“I don’t know how anyone could watch what has been going on in Washington and not want to do something about it,” he said.

• Jean Hay Bright, a Dixmont journalist who wrote a book titled “A Tale of Dirty Tricks So Bizarre: Susan Collins vs Public Record” about Collins’ first run for Senate, said she is exploring a Senate bid and has launched a Web site dedicated to that pursuit.

Beating the incumbents

Whoever enters either of the races will face opposition both experienced and popular.

As a moderate Republican, Snowe is in a position to be effective in Washington as a member of the majority party, yet represent most of her constituents on social policy positions, said Karl Trautman, chairman of the Social Science Department at Central Maine Community College.

Snowe is a “formidable” candidate, conceded Maine Democratic operative Severin Beliveau of Augusta. If Portsmouth Naval Shipyard were to close and Bath Iron Works were to lose its military shipbuilding contracts, an opponent could take on Snowe arguing she is ineffective in protecting Maine’s interests, he said. But Allen would be equally vulnerable on those issues, since the two yards are located in his congressional district.

No Senate opposition candidate would be likely to raise enough money to pose a serious threat to Snowe, Beliveau noted. In 2002, the Democratic Senatorial Campaign Committee funneled money to Chellie Pingree’s campaign against one-term incumbent Collins. Republicans held a slim majority in the U.S. Senate and Democrats felt that seat was winnable. They may not feel the same about Snowe next year, Beliveau said.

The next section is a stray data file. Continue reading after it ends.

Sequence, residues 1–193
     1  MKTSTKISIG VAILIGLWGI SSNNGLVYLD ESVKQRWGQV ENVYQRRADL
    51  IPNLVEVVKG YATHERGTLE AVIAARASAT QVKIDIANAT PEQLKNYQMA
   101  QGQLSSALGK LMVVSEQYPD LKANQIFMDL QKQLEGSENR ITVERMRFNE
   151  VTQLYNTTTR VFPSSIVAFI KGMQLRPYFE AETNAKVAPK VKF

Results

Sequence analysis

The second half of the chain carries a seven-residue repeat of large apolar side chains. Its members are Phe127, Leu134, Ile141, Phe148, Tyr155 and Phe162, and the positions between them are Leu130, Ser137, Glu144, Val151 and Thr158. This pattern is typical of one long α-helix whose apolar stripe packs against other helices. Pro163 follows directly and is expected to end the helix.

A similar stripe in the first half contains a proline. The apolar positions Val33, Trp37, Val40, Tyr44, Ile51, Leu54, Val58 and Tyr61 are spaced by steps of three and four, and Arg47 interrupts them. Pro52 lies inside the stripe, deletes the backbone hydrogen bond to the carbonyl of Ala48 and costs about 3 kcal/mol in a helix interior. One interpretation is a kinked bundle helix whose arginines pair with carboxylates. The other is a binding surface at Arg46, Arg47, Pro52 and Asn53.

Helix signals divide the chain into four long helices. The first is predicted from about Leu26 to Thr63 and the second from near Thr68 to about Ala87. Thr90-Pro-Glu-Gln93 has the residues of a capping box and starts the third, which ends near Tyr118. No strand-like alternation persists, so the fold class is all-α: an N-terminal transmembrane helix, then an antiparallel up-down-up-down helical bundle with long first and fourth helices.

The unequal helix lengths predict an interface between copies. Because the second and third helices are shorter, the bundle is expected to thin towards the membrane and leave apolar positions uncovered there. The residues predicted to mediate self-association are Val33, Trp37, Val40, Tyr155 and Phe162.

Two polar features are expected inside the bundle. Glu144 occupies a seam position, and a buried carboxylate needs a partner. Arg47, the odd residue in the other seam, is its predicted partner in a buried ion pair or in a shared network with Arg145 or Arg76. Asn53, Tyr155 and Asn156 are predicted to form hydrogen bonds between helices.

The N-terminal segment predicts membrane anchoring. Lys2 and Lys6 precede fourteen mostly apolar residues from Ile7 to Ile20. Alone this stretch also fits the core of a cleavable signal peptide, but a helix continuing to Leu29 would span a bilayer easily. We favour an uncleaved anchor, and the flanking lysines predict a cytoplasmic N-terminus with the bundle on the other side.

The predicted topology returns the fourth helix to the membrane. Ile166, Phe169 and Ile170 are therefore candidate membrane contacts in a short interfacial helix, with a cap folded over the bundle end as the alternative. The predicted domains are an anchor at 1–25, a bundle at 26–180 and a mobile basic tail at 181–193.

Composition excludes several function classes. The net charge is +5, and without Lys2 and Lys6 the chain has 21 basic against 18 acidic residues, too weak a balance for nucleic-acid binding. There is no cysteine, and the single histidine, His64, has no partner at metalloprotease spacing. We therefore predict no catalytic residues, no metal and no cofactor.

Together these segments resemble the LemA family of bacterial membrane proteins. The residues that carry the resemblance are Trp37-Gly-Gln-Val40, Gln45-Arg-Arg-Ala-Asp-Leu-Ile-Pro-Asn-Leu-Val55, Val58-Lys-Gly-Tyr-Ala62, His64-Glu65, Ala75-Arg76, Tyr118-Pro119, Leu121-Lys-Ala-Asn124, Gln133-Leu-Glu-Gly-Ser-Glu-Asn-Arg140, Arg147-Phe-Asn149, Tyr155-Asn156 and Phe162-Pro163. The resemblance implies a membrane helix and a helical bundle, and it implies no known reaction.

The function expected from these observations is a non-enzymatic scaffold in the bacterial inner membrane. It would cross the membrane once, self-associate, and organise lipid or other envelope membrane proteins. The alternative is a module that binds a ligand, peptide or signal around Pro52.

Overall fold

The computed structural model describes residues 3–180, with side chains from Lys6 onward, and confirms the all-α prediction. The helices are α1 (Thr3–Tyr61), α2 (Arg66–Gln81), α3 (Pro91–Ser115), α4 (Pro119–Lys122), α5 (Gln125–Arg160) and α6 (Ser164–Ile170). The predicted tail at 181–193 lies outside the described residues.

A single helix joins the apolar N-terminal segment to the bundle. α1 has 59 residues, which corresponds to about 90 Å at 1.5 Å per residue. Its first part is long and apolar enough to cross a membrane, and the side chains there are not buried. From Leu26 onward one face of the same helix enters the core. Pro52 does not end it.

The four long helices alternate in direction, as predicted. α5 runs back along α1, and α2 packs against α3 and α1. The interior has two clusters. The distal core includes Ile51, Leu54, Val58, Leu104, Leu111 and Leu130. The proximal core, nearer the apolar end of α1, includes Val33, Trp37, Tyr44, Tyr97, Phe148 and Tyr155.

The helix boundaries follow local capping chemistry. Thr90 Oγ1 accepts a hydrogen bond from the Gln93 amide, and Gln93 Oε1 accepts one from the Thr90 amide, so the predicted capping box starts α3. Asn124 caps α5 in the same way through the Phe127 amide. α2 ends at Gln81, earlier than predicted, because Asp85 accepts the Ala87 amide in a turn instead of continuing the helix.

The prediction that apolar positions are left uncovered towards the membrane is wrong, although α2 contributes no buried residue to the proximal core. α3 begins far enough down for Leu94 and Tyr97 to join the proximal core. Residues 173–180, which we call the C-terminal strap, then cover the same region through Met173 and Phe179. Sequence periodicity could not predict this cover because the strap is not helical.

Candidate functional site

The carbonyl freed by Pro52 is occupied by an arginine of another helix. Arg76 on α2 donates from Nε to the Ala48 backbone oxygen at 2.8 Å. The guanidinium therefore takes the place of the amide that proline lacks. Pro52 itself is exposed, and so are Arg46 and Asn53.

As for the gubernatorial race, while he may not be the political Titan that Snowe is, Baldacci wins points with many fiscal conservatives and the business community because he has not raised sales or income taxes. He even was given a “B” rating by the conservative Cato Institute for his fiscal policies, beating out Massachusetts Republican Gov. Mitt Romney, who earned a “C.”

Baldacci’s Achilles’ heel may lie with the Green Party, pundits say. In 2002, Carter captured 9 percent of the vote. Most of those votes would otherwise have gone to Baldacci, experts say. If a Green candidate were to siphon off double that percentage next year from Baldacci, it could make him beatable, Trautman said.

John Rensenbrink, one-time U.S. Senate candidate for the Green Party and current chairman of the search and support subcommittee, declined to comment on possible Green Party candidates.